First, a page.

Be Your Own Birder

National Save the Eagles Day

Eagles are magnificent, and are often the subject of conservation campaigns because they are such powerful predators yet are so vulnerable to different threats. Yet these birds are most often associated with a particular July holiday (for passionately patriotic birders in the United States), rather than early January. But January 10 is actually National Save the Eagles Day!

Bald Eagle - Photo by Erick Houli
Bald Eagle – Photo by Erick Houli

Why January 10?

Mid-winter is nesting season for bald eagles, when they are seeking out the best nesting sites or returning to the same nests they’ve used for generations. During mid- to late winter, these raptors incubate their eggs, which will hatch just over a month after being laid. It was one particular bald eagle’s nest that spawned National Save the Eagles Day in the village of Ridgefield Park, New Jersey, in 2015.

Late in 2014, Skymark Development Corporation highlighted a study arguing that a landfill near an eagles’ nest posed community health risks. The nesting pair, fondly named Alice and Al, had nested along Overpeck Creek since at least 2011. Part of the solution to the local health risks was to remove the tree the eagles nested in. When that solution was made public, the community and the Bergen County Audubon Society organized Save the Eagles Day on January 10, 2015. 

Eventually, an agreement was reached to preserve part of the land as an eagle park. For several years, Alice and Al continued to nest in the same location, and eventually a new eagle pair took up residence in the same nest (as is common with raptors when one mate dies or opts to nest elsewhere). To this day, the eagles’ nest is still celebrated with local “Return of the Eagles” events to raise awareness not only of local bald eagles, but of the comeback of all bald eagles and to support the Endangered Species Act.

Which Eagles to Save?

National Save the Eagles Day has grown far beyond one nest for one eagle species. There are more than 60 eagle species throughout the world, the greatest variety of which are found in Asia and Africa. Far too many of these noble birds, however, are classified as vulnerable, threatened, or outright endangered. Nearly half the eagle species on the planet face grave survival risks. This day, in every country and for every eagle species, can be an amazing opportunity to highlight the risks eagles face and to help support conservation efforts to protect them.

Black-Chested Snake-Eagle - Photo by Derek Keats
Black-Chested Snake-Eagle – Photo by Derek Keats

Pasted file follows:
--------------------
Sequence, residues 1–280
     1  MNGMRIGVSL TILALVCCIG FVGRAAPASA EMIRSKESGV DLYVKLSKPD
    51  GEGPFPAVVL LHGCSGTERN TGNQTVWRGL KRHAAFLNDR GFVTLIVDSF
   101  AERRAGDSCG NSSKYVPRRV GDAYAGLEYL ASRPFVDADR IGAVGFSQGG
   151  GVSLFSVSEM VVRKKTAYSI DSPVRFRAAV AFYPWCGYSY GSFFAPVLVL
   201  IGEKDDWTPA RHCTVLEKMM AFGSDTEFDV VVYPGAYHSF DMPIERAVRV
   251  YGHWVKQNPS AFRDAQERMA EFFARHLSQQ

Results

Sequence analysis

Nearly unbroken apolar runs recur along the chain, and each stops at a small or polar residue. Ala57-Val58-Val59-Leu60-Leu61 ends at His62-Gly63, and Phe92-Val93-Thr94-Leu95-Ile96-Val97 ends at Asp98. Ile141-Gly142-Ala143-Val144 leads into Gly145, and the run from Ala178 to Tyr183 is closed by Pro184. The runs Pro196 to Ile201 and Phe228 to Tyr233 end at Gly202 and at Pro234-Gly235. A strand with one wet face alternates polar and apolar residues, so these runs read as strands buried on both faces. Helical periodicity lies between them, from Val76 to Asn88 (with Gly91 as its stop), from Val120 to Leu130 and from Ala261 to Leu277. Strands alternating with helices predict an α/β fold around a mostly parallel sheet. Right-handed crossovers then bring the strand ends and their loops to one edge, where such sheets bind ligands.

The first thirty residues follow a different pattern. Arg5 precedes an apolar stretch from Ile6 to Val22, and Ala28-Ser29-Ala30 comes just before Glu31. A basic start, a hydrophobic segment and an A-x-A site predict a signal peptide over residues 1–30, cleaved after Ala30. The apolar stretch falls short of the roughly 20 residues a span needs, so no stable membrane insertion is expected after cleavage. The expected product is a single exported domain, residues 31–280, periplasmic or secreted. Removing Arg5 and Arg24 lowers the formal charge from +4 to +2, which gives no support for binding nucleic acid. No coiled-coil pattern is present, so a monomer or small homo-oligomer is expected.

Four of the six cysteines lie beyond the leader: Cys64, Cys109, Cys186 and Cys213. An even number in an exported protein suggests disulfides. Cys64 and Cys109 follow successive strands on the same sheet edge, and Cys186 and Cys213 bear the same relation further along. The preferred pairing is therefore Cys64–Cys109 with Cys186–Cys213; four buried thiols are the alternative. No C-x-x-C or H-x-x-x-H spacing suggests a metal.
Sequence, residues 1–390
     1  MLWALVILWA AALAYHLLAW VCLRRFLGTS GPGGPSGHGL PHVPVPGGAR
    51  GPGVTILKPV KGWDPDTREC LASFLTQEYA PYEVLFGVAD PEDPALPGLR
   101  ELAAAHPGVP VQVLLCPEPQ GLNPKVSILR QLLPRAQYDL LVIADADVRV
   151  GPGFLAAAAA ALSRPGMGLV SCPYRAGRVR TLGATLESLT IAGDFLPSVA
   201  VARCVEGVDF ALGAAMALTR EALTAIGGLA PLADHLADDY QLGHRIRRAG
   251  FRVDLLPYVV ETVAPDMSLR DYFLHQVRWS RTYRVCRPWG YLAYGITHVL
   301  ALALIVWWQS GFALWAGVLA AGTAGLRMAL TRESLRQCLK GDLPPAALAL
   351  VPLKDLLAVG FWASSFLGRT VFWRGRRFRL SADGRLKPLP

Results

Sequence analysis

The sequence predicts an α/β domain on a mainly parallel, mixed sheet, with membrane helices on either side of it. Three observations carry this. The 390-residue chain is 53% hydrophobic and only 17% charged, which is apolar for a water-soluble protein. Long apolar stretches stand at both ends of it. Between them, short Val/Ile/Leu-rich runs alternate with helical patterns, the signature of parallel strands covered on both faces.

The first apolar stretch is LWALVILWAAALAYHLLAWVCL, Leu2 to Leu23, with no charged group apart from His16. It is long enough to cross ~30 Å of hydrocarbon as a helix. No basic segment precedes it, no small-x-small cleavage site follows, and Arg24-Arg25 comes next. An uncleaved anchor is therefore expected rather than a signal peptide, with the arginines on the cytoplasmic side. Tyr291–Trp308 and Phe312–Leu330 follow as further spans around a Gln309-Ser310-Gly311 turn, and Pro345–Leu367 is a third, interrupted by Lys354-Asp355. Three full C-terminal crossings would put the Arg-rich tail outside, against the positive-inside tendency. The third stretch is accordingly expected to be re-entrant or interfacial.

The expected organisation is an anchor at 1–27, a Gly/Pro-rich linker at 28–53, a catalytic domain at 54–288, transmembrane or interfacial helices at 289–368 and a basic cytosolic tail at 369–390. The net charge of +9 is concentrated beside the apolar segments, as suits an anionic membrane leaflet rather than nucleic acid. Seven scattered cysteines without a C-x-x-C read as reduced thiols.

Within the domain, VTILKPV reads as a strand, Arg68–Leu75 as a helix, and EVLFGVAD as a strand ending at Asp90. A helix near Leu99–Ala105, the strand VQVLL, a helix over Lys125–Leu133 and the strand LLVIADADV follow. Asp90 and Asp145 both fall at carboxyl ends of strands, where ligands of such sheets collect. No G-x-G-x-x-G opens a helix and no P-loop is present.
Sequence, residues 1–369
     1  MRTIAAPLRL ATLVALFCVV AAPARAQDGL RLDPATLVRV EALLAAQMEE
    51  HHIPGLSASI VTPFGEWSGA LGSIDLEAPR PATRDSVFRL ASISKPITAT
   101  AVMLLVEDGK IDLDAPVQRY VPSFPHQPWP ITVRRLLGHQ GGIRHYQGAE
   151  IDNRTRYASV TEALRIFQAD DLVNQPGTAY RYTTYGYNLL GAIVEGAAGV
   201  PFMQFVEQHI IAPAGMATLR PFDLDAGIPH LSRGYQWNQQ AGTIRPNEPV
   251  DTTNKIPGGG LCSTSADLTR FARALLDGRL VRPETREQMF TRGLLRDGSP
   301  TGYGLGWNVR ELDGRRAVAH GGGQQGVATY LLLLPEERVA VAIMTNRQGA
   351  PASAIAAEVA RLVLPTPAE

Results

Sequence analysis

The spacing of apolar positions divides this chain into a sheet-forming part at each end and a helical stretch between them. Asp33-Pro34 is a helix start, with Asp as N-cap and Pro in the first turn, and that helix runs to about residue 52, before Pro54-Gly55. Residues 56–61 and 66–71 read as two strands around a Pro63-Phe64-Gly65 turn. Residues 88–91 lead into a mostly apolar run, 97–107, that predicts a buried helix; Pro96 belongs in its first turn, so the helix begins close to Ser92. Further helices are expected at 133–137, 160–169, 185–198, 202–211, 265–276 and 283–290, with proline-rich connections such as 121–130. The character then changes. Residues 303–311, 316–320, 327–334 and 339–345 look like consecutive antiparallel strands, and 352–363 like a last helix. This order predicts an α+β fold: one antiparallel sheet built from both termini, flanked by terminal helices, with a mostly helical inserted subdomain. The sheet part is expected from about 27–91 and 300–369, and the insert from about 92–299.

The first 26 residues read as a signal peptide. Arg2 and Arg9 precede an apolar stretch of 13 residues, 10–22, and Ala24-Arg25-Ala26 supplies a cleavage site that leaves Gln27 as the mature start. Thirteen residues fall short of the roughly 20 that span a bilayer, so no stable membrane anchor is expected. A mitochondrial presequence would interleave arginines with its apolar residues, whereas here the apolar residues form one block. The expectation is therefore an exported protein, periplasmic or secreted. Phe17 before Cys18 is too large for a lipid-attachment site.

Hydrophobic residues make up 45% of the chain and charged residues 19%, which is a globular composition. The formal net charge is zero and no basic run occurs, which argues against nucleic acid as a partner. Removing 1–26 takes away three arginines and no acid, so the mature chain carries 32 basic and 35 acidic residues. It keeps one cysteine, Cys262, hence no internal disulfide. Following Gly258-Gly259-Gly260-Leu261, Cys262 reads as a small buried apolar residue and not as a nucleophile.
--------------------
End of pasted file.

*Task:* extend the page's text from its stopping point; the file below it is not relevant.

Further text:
Threats to Eagles

But what hazards could threaten such powerful apex predators? While these birds are seen as strong and dominating, they can actually be quite delicate and vulnerable to a wide range of threats, including:

  • Poisoning from pesticides, herbicides, and other toxic chemicals
  • Contamination from lead shot left in kill entrails that eagles may eat
  • Collisions with power lines, wind turbines, and other obstacles
  • Poaching and shooting, whether accidental or deliberate
  • Habitat loss through development, climate change, or agriculture
  • Persecution if eagles are believed to be threatening livestock

Because these large raptors require large territories and do not raise huge families – one eagle may only have 2-3 chicks each year, and mortality among chicks is naturally high – even seemingly insignificant threats can do great damage to an eagle population. All too quickly, one threat – a new development that removes nesting trees, puts up new power lines, and introduces rodenticides to an area – could have devastating consequences for local eagles.

Help Save Eagles Every Day

Fortunately, we can all take easy steps in different ways to help not only bald eagles, but all types of eagle populations.

  • Conserve ElectricityReducing our use of electricity helps reduce the need for new power plants, extra power lines, additional power poles, and other developments that can impact eagles and other raptors. Turn off lights and be mindful of your energy use.
  • Hunt Responsibly – If you hunt or fish, practice raptor-friendly techniques by choosing copper rather than lead ammunition, cleaning up gut piles, and ensuring there is no environmental contamination from your activities. Encourage others to do the same.
  • Protect Habitat – Support local nature preserves, wildlife refuges, and other habitat areas to help keep space available for eagles and hundreds of other birds. You can do this through donations, volunteering, supporting protective legislation, and other means.
  • Enjoy Eagles – Participating in eagle-oriented events such as nature walks, viewing days, photography contests, and more will raise awareness of these stunning birds and their needs in our ever-changing environment. The more people who know about eagles and their vulnerabilities, the more help will be available to preserve them.

With simple steps, we can enjoy many eagle-oriented holidays in years to come, with more of these majestic birds to see no matter which eagles we spot or where we see them.

Wedge-Tailed Eagle - Photo by Ron Knight
Wedge-Tailed Eagle – Photo by Ron Knight

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